Legendary mountaineer Bradford Washburn’s lost cache discovered
A team from Teton Gravity Research has discovered lost film and cameras left behind by the legendary photographer 85 years ago in the Yukon.
For historians, it’s like finding a treasure chest full of gold.
Explorers from Teton Gravity Research announced Thursday the discovery of a historic cache of camera gear and mountain gear that once belonged to Bradford Washburn and Robert Bates.
The pair of climbers left the craft while trying to escape the remote wilderness of the Yukon in Canada in 1937. More than eight decades later, this craft has been found. The discovery has aroused great enthusiasm among scientists, historians and anyone interested in the history of mountaineering.
Teton Gravity Research team found the lost equipment on the distant Walsh Glacier in Kluane National Park and Reserve. This area is within the traditional territory of the Kluane First Nation, located in Canada’s Yukon Territory.
“While there is obvious historical value in recovering these artifacts, particularly the camera and film of one of history’s most legendary aerial photographers, the scientific value of the find is equally significant. , providing researchers with a data point to calculate glacier movements in the area that predates any other data point by decades,” expedition leader Griffin Post said in a press release.
Lost Equipment of a Historical Photographer
Perhaps the most exciting element is “an important part” of Washburn’s work. Fairchild F-8 aerial camera, which the expedition successfully extracted from the ice.
Researchers believe this is likely Washburn’s very first aerial camera. He gained worldwide notoriety for his aerial photos. Many of these images are displayed at Bradford Washburn American Mountaineering Museum in Golden, Colorado.
But there is more than the camera. The expedition team also recovered two motion picture cameras: a DeVry “Lunchbox” model and a Bell & Howell Eyemo 71A. Both cameras still contain film. Several pieces of mountaineering equipment were also recovered.
Post invoked University of Ottawa glaciologist Dorota (Dora) Medrzycka to find the craft. A press release said it had taken advantage of “innovative glacier mapping processes” to determine where the cache might have moved over the decades on the glacier.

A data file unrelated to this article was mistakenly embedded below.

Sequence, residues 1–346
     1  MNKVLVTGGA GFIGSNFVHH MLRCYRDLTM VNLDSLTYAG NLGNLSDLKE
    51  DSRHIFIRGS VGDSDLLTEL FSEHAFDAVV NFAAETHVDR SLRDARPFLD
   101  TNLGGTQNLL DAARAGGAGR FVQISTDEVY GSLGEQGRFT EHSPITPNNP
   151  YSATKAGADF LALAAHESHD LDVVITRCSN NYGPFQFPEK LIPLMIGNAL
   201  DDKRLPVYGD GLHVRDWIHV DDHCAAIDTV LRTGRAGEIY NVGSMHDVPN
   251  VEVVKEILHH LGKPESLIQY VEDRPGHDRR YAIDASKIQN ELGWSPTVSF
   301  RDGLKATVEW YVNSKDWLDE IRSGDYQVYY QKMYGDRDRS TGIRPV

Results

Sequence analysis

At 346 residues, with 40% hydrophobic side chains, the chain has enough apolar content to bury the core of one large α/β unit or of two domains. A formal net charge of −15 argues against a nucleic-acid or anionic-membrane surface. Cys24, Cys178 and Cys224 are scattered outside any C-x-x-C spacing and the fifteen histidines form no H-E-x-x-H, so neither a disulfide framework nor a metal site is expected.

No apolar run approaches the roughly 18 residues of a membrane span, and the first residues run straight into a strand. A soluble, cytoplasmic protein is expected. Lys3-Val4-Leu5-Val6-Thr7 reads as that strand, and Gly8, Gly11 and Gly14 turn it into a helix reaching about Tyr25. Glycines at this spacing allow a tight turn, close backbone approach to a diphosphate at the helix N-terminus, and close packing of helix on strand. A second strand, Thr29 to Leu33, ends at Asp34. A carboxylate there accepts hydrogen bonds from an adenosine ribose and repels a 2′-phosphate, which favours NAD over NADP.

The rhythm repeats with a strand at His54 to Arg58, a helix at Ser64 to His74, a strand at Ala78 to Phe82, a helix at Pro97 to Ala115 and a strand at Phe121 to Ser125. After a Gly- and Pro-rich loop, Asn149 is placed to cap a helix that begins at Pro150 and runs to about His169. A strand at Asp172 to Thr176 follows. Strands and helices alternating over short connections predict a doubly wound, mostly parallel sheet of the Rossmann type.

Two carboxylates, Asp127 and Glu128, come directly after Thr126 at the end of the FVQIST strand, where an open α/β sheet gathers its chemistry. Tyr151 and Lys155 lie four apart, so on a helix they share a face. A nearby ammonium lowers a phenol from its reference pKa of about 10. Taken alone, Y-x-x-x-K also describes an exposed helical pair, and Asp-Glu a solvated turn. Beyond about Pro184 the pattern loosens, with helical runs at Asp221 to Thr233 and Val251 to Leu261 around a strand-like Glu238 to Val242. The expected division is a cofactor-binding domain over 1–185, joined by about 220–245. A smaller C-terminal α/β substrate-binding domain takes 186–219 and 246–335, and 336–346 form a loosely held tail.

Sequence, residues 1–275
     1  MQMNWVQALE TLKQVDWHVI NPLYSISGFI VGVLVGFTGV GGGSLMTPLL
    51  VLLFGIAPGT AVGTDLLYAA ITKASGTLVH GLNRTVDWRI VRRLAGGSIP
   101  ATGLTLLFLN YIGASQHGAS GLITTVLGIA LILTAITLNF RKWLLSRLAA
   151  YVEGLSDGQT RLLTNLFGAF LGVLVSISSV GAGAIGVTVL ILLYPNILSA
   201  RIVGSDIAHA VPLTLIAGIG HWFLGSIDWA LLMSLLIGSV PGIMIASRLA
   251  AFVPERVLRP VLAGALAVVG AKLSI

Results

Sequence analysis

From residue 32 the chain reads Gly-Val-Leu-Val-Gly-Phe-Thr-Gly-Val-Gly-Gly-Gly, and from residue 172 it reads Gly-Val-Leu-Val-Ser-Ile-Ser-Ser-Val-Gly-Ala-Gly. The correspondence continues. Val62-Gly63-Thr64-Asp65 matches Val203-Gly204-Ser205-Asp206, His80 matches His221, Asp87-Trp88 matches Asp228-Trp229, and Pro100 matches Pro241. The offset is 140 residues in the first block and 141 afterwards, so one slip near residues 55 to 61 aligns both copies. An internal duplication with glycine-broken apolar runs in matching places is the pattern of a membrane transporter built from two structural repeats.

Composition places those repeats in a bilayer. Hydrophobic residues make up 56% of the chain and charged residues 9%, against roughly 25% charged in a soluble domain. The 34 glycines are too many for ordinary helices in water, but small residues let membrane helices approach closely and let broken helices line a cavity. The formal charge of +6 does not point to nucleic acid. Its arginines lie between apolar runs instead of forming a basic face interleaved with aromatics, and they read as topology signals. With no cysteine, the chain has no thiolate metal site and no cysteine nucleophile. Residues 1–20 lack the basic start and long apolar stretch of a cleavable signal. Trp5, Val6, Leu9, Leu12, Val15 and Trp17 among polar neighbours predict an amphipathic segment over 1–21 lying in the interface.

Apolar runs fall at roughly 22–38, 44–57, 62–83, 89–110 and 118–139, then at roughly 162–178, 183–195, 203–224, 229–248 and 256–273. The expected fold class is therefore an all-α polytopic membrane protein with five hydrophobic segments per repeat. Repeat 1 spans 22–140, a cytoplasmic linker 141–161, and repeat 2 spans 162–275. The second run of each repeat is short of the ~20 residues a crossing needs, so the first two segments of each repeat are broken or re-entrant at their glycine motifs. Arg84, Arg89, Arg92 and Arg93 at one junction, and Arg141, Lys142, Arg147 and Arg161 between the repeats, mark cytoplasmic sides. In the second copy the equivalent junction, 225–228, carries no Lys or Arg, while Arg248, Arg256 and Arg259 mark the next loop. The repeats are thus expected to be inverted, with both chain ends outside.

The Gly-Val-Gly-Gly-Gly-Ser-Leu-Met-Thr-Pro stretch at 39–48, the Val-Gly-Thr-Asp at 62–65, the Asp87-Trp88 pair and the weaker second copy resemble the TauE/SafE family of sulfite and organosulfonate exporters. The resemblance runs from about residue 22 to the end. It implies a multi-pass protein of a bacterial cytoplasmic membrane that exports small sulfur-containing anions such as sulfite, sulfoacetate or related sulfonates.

After finding the cache, the TGR team reported the find to Parks Canada. Working with Canadian officials and the Kluane First Nation, they recovered everything a few weeks later.
“The rediscovery of the Washburn-Bates Cache after 85 years encased in ice adds a tangible dimension to an exciting story of exploration and survival at almost unbelievable odds,” said Sharon Thomson, archaeologist at Parks Canada.
“From a cultural resource management perspective, it presents a rare and valuable opportunity to study changes over time at an archaeological site in a dynamic glacial environment.”
Discovery offers more than just historical artifacts – and hopefully salvageable photos. It can also lead to new knowledge about climate change.
A timeline of climate change
The discovery of the Washburn-Bates cache unlocks new data on glacial movements.
Availablescientific data on glacier movement only dates back to the 1960s. With this discovery, scientists could gain a new understanding of long-term changes in the Walsh Glacier.
“This new information could be useful to scientists working to decode the impact of climate change on our glaciers and our world,” the Teton Gravity Research press release said.
A Parks Canada team is processing the artifacts in laboratories in Ottawa and Winnipeg. The organization “llooks forward to sharing these objects” and their stories with the public, the statement said.
Curious to know more? No worries, as one of the most important outdoor cinema actorsTeton Gravity Research has documented everything since shipping.
The outdoor media company plans to release a film about the discovery “in the near future.”
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